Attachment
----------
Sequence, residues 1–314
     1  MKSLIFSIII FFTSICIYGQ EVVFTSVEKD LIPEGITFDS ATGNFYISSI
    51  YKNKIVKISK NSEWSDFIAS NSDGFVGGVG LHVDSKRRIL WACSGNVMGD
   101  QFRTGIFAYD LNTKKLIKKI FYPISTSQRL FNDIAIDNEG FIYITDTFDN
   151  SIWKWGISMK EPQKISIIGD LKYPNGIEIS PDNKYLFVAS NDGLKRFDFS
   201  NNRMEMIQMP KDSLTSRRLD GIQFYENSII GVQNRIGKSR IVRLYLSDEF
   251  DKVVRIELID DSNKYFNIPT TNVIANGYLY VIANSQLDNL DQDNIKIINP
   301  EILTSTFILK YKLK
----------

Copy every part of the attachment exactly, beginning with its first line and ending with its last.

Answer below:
Sequence, residues 1–314
     1  MKSLIFSIII FFTSICIYGQ EVVFTSVEKD LIPEGITFDS ATGNFYISSI
    51  YKNKIVKISK NSEWSDFIAS NSDGFVGGVG LHVDSKRRIL WACSGNVMGD
   101  QFRTGIFAYD LNTKKLIKKI FYPISTSQRL FNDIAIDNEG FIYITDTFDN
   151  SIWKWGISMK EPQKISIIGD LKYPNGIEIS PDNKYLFVAS NDGLKRFDFS
   201  NNRMEMIQMP KDSLTSRRLD GIQFYENSII GVQNRIGKSR IVRLYLSDEF
   251  DKVVRIELID DSNKYFNIPT TNVIANGYLY VIANSQLDNL DQDNIKIINP
   301  EILTSTFILK YKLK